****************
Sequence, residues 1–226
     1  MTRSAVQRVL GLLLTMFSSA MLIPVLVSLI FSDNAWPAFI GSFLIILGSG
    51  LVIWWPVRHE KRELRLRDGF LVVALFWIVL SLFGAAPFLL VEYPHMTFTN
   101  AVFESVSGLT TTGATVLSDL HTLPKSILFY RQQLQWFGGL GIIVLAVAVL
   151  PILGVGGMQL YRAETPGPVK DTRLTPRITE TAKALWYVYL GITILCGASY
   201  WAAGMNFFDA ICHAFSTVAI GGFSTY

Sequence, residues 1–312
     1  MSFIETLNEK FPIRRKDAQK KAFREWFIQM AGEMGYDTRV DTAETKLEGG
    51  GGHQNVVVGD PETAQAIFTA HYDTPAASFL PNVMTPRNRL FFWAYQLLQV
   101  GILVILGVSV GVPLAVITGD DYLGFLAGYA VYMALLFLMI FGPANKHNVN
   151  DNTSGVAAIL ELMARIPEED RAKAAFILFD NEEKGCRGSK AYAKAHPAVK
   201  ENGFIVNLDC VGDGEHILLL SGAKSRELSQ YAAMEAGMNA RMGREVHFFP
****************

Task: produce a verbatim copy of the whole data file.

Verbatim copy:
Sequence, residues 1–226
     1  MTRSAVQRVL GLLLTMFSSA MLIPVLVSLI FSDNAWPAFI GSFLIILGSG
    51  LVIWWPVRHE KRELRLRDGF LVVALFWIVL SLFGAAPFLL VEYPHMTFTN
   101  AVFESVSGLT TTGATVLSDL HTLPKSILFY RQQLQWFGGL GIIVLAVAVL
   151  PILGVGGMQL YRAETPGPVK DTRLTPRITE TAKALWYVYL GITILCGASY
   201  WAAGMNFFDA ICHAFSTVAI GGFSTY

Sequence, residues 1–312
     1  MSFIETLNEK FPIRRKDAQK KAFREWFIQM AGEMGYDTRV DTAETKLEGG
    51  GGHQNVVVGD PETAQAIFTA HYDTPAASFL PNVMTPRNRL FFWAYQLLQV
   101  GILVILGVSV GVPLAVITGD DYLGFLAGYA VYMALLFLMI FGPANKHNVN
   151  DNTSGVAAIL ELMARIPEED RAKAAFILFD NEEKGCRGSK AYAKAHPAVK
   201  ENGFIVNLDC VGDGEHILLL SGAKSRELSQ YAAMEAGMNA RMGREVHFFP